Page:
Traffic chaos caused by flooding at the ford could soon be a thing of the past as around £70,000 is planned for a new warning system.
Residents and drivers are left stuck each time heavy rain makes a stretch alongside the ford down the connecting Castle Road impassable.
As a result, cars and lorries become backed up all the way back to High Street and as a result, through the town centre.
But thanks to plans by Warwickshire County Council to spend up to £70,000 on an automatic warning system to stop cars heading down the main commuter route in bad weather, problems could soon be over.
Proposals, now out for consultation, are for signs which are automatically triggered in high water to warn of the dangers and stop drivers turning down the flooded road.
Currently a system of barriers and road signs are used, but often too late to stop traffic problems.
And Kenilworth Town Council has welcomed the move, highlighting a preferred option of warning signs at Beehive Hill, the Castle Hill junction to Castle Road, The Square and Forrest Road at the junction to Castle Road.
Discussing the plans at their last monthly meeting, members said they also want to see a sign at Malthouse Lane as they welcomed the long-awaited measures.
Town mayor, Felicity Bunker said this needed doing “very quickly” if it was going to have any impact this winter.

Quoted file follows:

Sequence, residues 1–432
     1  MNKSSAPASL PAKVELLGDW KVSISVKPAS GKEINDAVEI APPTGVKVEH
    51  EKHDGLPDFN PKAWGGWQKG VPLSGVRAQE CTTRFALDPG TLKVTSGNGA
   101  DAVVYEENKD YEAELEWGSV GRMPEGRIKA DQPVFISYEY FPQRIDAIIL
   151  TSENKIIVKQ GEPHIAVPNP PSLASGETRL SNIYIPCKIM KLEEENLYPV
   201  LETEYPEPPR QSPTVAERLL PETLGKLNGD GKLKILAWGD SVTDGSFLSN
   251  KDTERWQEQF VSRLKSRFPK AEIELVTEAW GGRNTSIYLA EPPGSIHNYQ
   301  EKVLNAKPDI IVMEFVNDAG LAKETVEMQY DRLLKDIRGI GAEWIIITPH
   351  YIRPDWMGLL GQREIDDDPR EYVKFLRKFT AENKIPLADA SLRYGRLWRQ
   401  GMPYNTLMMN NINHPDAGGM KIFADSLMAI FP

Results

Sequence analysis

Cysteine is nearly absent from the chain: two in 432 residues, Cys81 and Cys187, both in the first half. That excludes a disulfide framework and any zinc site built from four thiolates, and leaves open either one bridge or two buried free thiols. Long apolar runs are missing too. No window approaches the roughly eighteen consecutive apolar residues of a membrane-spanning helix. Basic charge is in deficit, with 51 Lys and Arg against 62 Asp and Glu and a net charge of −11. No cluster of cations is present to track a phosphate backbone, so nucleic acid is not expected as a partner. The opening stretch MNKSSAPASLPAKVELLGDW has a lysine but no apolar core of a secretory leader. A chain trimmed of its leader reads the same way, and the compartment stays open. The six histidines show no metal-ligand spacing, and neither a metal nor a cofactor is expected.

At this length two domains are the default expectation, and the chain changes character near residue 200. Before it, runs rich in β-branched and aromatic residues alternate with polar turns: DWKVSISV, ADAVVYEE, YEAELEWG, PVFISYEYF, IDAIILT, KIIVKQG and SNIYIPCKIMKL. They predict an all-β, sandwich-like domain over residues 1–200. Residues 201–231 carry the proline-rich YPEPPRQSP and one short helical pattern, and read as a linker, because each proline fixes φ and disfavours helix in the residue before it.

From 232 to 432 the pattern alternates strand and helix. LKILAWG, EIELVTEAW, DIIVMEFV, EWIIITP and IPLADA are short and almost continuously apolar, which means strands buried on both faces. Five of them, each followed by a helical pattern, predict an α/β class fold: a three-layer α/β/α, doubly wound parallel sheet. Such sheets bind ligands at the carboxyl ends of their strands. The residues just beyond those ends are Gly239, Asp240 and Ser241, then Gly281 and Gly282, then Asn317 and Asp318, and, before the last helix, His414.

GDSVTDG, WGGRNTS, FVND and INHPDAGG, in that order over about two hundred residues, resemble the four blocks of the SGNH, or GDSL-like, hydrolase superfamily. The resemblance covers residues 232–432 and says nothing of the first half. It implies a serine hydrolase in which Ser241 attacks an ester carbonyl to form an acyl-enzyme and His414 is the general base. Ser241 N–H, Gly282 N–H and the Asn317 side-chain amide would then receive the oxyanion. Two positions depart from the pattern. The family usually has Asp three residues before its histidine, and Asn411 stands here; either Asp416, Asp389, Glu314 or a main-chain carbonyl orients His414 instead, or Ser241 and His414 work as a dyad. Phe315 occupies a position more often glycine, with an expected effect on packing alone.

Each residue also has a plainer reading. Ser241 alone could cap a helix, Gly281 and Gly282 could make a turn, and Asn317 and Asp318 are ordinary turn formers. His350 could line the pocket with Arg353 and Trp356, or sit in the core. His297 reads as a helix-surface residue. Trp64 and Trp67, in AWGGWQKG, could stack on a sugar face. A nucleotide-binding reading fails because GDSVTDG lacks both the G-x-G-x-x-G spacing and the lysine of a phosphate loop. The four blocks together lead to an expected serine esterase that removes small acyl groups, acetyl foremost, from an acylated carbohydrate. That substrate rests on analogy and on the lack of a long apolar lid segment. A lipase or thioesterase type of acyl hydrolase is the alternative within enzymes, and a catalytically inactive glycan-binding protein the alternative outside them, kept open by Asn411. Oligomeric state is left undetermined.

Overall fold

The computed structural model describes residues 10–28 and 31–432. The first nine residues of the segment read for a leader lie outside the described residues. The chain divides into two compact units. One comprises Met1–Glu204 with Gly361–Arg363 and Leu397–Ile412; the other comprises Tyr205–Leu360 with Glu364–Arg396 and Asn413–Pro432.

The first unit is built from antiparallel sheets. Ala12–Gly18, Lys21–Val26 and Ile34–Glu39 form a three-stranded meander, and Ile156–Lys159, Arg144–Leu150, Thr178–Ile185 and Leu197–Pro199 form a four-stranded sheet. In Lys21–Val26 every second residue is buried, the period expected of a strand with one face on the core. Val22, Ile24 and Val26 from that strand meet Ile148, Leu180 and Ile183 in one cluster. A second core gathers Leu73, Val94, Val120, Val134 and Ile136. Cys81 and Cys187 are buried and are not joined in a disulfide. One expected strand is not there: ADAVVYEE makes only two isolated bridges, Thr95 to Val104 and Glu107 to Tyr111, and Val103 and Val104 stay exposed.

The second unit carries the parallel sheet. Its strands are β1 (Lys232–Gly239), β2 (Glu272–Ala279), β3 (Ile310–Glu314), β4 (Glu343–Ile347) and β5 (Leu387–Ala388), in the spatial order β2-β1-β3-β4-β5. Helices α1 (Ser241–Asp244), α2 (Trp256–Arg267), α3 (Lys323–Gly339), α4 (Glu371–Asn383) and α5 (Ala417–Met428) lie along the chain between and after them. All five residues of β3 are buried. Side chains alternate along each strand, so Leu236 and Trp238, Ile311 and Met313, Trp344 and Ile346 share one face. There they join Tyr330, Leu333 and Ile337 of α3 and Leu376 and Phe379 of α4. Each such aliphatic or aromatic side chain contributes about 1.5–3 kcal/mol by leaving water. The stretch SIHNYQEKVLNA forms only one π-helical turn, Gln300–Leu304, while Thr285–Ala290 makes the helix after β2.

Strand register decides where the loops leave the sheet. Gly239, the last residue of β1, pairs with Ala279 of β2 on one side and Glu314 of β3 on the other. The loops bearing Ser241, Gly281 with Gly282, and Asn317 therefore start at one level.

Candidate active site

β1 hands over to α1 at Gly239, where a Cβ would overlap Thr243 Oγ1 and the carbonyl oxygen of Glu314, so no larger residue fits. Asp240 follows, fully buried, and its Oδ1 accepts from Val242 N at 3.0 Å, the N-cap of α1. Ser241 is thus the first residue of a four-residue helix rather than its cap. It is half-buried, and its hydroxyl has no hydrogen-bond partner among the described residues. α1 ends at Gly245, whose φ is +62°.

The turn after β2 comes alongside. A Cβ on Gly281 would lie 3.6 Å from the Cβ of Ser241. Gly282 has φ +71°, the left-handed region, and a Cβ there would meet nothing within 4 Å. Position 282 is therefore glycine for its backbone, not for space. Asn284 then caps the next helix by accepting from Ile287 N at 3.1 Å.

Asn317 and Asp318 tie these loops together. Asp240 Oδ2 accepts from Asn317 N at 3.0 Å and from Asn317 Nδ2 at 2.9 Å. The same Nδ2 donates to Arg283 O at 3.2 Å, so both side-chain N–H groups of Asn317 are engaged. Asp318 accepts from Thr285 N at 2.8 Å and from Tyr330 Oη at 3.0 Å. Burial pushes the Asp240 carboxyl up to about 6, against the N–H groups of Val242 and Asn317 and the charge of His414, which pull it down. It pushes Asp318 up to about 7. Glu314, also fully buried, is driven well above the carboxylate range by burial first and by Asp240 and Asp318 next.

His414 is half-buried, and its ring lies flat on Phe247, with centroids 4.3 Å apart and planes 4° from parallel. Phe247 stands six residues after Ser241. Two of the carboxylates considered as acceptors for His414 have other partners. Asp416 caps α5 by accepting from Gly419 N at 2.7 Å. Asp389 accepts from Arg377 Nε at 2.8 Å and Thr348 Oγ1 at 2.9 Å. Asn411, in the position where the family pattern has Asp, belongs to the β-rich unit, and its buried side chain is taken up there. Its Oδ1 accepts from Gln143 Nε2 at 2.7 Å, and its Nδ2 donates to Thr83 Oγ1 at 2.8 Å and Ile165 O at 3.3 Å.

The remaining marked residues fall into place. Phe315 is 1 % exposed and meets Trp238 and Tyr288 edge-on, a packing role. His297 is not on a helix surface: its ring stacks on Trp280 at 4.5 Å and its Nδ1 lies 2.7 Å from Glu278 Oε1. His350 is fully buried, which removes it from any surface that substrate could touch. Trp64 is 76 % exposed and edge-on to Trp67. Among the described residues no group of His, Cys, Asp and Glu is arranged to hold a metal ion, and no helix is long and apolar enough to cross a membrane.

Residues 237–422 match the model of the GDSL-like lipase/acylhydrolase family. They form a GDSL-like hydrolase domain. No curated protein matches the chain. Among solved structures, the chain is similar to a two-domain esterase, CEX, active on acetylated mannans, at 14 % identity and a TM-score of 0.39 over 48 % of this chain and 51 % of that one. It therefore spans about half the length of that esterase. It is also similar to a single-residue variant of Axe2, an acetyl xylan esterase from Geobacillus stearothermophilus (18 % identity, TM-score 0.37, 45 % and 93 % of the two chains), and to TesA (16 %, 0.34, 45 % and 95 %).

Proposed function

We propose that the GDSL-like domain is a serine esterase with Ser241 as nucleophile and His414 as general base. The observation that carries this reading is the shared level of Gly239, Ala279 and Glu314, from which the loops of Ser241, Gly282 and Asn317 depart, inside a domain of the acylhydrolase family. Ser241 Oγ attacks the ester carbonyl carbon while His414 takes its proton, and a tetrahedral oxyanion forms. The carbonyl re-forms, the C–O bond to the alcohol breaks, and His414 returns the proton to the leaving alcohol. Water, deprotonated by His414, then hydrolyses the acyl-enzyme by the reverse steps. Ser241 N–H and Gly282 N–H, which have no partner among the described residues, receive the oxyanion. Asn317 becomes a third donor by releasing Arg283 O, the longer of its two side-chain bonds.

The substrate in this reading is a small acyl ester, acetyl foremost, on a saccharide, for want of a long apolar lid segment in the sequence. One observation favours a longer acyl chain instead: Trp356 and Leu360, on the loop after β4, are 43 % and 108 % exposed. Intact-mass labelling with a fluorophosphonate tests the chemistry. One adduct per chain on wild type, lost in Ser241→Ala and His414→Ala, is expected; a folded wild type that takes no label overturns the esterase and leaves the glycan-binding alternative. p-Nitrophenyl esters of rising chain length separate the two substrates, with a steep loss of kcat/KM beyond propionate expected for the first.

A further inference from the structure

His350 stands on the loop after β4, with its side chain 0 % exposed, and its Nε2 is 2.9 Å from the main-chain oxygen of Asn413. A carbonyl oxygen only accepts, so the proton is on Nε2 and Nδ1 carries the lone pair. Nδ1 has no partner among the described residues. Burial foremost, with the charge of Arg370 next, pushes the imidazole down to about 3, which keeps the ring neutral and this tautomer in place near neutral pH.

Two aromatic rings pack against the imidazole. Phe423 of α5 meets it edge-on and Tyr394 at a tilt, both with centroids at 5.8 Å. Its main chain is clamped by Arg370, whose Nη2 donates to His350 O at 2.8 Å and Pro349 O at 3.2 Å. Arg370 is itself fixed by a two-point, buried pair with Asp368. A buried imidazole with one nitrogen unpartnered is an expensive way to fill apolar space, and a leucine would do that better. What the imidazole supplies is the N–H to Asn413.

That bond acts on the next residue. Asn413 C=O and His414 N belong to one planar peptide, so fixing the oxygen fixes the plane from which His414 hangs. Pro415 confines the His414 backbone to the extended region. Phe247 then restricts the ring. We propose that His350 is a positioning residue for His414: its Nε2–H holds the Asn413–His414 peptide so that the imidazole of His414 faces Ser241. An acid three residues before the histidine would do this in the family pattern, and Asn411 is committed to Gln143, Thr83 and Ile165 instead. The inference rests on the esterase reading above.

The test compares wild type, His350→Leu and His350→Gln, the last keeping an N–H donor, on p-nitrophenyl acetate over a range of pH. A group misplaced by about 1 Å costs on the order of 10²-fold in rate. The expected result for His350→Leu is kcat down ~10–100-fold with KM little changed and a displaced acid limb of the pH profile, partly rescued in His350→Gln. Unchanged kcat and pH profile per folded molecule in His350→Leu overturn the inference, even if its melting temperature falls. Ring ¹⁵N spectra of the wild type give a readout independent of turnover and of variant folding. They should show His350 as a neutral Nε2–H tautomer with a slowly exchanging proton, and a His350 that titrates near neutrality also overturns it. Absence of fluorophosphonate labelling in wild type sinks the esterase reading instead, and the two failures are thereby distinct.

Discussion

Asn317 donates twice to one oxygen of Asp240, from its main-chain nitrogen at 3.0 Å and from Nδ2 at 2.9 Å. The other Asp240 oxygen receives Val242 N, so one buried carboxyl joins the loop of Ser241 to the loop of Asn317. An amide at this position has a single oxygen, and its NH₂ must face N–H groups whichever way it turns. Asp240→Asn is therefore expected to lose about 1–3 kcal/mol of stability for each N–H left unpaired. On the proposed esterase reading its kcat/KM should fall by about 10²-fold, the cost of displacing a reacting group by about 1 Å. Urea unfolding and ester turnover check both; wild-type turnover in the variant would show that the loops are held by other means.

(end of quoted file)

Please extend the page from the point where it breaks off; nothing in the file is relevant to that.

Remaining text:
Cllr John Cooke (Con Abbey) said that if they were going to take steps they should get “the best scheme possible”.
Members heard that the county council hopes to find money to fund the scheme in the new year once the consultation on plans closes. But suggested costs could be put on a ‘wish list’ for HS2 funded projects in mitigation for years of disruption expected in construction of the line.
Cllr George Illingworth told the meeting that a scheme must cater both for residents, and visitors travelling through the town who will need to know what diversions to take.
“I am concerned for people who don’t know the town as if a sign says ‘road ahead closed’, they are not going to know what to do about it.
“Ideally there should be something incorporated into the existing road signs so they know where they can go instead. But these are all details. The idea in principle is tremendous and we very much welcome it.”
But Cllr Hitchens said with the increasing number of heavy goods vehicles coming through the town, he did not want this traffic diverted up minor roads such as Fieldgate Lane in what could cause huge disruption to residents.